Don't be afraid that if they don't get on the grow up, school, job track and stay there, that they will be lost forever. The opposite is in fact true. Any teacher, a teacher like me, would a hundred times rather a new student who has had a year or two or more off before doing, at 22, 24, 26 something they would never have thought of at 18. These students, the gap students, are a pleasure to teach- they can handle themselves, and since they have learned who they are, don't waste school time trying to learn that, instead of the education they paid for.

Have a little faith. They are going to need it in life and right now that's the best thing you can show them.

What I would worry about though are the kids who were too hot in high school. They remind me of what an old fisherman told me about the fishermen he knew in Newfoundland "when there were so many cod all you had to do was sit in a boat and the fish would jump in." Those fisherman fell apart he told me, when the cod went away.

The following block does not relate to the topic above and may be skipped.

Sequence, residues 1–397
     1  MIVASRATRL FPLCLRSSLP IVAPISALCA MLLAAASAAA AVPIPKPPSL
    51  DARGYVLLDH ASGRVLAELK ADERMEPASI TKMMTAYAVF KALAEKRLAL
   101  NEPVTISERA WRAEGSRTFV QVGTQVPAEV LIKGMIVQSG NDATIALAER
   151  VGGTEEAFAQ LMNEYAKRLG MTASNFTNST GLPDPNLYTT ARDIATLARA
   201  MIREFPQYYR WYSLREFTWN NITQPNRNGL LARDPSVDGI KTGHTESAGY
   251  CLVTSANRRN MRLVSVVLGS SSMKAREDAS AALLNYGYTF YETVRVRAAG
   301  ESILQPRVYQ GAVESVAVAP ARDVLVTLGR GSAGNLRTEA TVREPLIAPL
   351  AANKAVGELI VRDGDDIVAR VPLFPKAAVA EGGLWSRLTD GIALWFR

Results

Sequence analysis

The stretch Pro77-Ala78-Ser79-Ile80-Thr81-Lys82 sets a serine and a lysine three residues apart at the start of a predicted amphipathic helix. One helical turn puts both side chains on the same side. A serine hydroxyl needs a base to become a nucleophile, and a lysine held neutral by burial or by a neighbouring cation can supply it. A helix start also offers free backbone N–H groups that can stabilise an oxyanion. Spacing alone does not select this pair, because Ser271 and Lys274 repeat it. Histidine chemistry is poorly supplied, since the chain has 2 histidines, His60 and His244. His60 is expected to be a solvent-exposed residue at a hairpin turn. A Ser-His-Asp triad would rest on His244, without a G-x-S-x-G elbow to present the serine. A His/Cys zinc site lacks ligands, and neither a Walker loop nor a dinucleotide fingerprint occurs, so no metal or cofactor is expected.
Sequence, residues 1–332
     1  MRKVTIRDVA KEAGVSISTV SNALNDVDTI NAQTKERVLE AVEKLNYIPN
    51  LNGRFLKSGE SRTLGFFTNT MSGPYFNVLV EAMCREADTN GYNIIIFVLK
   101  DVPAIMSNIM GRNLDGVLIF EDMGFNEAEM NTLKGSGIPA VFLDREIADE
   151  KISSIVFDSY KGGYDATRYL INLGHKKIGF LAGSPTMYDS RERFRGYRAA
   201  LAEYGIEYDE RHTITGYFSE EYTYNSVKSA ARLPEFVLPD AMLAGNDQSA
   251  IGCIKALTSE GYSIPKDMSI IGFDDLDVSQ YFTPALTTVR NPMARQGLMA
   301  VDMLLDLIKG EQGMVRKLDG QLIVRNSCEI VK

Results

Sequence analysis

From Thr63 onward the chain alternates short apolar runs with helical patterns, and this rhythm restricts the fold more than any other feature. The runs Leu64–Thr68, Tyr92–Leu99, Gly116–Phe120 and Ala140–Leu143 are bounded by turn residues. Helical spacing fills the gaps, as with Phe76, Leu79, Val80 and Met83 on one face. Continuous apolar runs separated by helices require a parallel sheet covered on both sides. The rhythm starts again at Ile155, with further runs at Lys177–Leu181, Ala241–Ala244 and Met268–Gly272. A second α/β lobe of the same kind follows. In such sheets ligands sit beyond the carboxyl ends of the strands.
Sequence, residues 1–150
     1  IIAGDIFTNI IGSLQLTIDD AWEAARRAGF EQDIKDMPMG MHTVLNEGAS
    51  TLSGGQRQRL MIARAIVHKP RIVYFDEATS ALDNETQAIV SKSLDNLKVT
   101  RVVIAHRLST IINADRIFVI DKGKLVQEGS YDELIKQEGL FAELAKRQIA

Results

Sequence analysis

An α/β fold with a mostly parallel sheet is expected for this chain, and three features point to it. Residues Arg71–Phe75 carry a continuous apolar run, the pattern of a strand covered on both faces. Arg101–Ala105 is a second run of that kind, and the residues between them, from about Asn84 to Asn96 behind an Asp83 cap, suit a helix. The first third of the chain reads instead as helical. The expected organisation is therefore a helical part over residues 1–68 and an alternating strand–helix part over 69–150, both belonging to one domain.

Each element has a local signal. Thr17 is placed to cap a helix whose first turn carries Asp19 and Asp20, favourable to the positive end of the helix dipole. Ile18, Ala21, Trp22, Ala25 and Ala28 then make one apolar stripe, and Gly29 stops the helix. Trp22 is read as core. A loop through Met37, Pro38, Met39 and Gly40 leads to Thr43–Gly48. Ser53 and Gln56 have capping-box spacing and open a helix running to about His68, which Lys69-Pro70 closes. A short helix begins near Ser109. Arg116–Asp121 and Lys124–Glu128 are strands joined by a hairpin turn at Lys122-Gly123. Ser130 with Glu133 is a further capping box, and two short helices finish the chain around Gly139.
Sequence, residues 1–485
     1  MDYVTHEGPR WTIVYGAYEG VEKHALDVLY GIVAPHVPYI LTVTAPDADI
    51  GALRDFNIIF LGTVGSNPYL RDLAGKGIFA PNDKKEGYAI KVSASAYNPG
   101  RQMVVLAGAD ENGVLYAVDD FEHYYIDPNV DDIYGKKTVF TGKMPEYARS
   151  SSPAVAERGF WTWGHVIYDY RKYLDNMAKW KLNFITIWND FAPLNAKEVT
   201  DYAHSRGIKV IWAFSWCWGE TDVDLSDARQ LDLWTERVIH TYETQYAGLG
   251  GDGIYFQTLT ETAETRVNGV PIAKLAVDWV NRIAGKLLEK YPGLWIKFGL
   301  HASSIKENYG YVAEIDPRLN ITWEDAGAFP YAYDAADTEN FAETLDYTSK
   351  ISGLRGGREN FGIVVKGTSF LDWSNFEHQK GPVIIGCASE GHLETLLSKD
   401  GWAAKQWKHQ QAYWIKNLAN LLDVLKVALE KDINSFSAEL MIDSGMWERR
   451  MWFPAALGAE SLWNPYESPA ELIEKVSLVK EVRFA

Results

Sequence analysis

You have to learn how to fish.

I think sometimes of one of those girls, a girl who came into my office and slammed her paper down on my desk. I had given her a D. "I don't think you understand" she said, fluffing her streaked hair out of her eyes, " I am an A."  

"That may be true," I told her, " but I don't think you understand, this paper is a D."

Hard lesson to learn, when you thought you were exempt, and none of us are.

For those of you with smaller kids or starting someone to school, you must read this.

Now off to choose my outfit for the first day of school.

Sunday, September 5, 2010

Butterick 5523



Here is my version of this pattern, Butterick 5523. 

Again there is a back story on the photos. The day before Hurricane Earl we had our hottest day ever and my daughter and I  went to the pool with Miss Scarlett to cool off. The pool we go to is a wonderful outdoor pool with filtered salt water - which is nice and buoyant but you come home with red eyes and sticky hair. We decided once we got back to my daughter's place that she was a better photographer than anyone at my house so we put this dress on me and I kept my shades on to make me less raggedy.  That's the story in case you thought I was a different person and had become cool.


 The back view, obviously, showing the belty thing which you don't get in many knit dresses and also the shoulder squaring effect of the inverted pleats at the top of the sleeves.